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Deserved or not, HTML5 is a hot topic. The topic’s significance is called into question because the term ‘HTML5’ is currently used in multiple ways. Despite the hype and praise on seemingly everyone’s lips (or at least their blogs), there’s not even a clear consensus on what they’re talking about! On one hand, as a technical definition, HTML5 is very clearly defined: it is the newest addition to the stable of doctypes a developer can choose for page validation and code consistency. And as a doctype, HTML5 certainly deserves praise.

But on the other hand, HTML5 is more colloquially being used as a bucket-term describing the combined usage of bleeding edge HTML, Javascript, and CSS. Sound familiar? It should. This is how the similarly hard-to-define term ‘Web 2.0’ was used. Where Web 2.0 featured AJAX style server communication and Javascript controlled page content, HTML5 features new video and audio tags and the use of Canvas for graphics.

Another player in the HTML5 stage is the vastly improved speed of Javascript execution in browsers, including in some cases hardware graphics acceleration. Without this critical enhancement, HTML5 would be a non-event. But thanks to the significant optimizations coming from Google, Mozilla, Microsoft, Apple, etc., browsers can now provide the enhanced graphics previously seen only with third party plugins - most notably Adobe’s Flash Player.

This has predictably led to HTML5 vs. Flash comparisons sprouting like daisies over the internet. The phrase “Flash Killer” was used liberally. Steve Jobs first hypes HTML5 as the Flash alternative for Apple’s mobile devices, then ships a new operating system lacking the opposing plugin entirely. The world notices.

But is there a conflict, really? I say no! Will HTML5 replace Flash on the internet? Of course - in some places. Flash was never the best solution for everything, but nothing had even close to the install base of Flash. When the only tool in the box is a hammer, everything looks like a nail. Flash was used appropriately in some places, and inappropriately in others. It shouldn’t shock anybody to see this continue to happen. Expect similar appropriate and inappropriate use of HTML5.

Many developers and many projects have already moved to HTML5. Entire websites have been scrapped and recreated in HTML5. In some cases, the reasoning was simply to use the hottest new technology. For others the motivation was to align with the latest trends. And sadly, sometimes the decision was made for no reason other than the hype against Flash.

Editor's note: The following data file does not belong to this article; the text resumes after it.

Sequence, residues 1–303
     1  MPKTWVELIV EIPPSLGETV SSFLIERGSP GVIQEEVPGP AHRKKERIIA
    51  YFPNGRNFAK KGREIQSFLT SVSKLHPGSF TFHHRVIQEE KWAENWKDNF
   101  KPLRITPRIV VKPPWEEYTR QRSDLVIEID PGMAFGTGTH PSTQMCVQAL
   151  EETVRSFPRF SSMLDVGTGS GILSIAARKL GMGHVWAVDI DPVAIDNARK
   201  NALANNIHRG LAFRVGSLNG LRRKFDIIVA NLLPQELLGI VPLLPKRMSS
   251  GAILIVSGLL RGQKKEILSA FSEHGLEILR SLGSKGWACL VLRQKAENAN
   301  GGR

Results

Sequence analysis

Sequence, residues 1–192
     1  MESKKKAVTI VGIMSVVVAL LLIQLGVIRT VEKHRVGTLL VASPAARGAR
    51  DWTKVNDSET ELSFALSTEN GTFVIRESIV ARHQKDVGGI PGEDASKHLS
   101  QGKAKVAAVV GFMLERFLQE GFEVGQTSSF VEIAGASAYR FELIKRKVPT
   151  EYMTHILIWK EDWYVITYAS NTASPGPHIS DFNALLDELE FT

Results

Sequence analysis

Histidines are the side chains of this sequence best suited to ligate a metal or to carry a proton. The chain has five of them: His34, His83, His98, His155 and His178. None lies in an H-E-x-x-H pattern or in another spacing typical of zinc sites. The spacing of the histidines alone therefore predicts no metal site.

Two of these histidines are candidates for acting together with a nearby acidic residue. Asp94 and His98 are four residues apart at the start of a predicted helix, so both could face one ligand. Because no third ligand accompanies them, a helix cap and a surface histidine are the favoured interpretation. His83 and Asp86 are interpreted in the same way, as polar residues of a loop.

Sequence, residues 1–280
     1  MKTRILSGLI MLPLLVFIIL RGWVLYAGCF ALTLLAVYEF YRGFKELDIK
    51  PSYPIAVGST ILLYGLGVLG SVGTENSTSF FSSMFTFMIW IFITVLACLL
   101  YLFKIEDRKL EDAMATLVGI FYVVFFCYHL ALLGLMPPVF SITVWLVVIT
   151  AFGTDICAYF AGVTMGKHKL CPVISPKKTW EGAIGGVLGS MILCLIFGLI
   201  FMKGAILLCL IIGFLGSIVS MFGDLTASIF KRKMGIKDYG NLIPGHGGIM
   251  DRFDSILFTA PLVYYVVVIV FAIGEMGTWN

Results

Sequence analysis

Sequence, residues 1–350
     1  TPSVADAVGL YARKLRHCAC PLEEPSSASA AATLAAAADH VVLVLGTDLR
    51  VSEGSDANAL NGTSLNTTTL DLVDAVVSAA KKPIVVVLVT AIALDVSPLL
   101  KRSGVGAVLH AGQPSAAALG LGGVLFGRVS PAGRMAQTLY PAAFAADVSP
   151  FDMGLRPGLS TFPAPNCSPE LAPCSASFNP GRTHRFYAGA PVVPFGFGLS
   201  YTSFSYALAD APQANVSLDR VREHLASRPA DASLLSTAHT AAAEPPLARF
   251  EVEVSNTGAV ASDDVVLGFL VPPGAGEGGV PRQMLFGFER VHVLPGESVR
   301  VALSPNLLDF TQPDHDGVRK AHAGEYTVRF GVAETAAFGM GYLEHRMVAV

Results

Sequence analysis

Again, I say, there is no conflict here! Both should be considered viable options. The choice should only be made after evaluating both the project’s requirements and the benefits of all potential technologies, making the selection on a case-by-case basis. Rational decisions trump the hype machine every time. Is a necessary feature only available with one technology? Does the target audience use a platform that only supports one technology? If the final product doesn’t dictate a winner, what about the development process? Would one technology be easier, faster, or cheaper to implement, either through familiarity or by reusing existing code?

Developers should be familiar with both to avoid shunning either technology for the wrong reasons (like hype or trends). Rejoice over having a new tool! Learn about it, evaluate it for individual projects, and don’t get hurt feelings if a favorite technology isn’t the one best suited for the job. Developers should always strive to produce the best solution, not to promote specific technologies. Want to be a trend-setter? Set the trend of superior quality. There are no bonus points for siding with one technology over another. Rather, making good decisions and choosing wisely when planning will score where it counts: results. Careful and objective planning always produces better results than hype and FUD could ever achieve.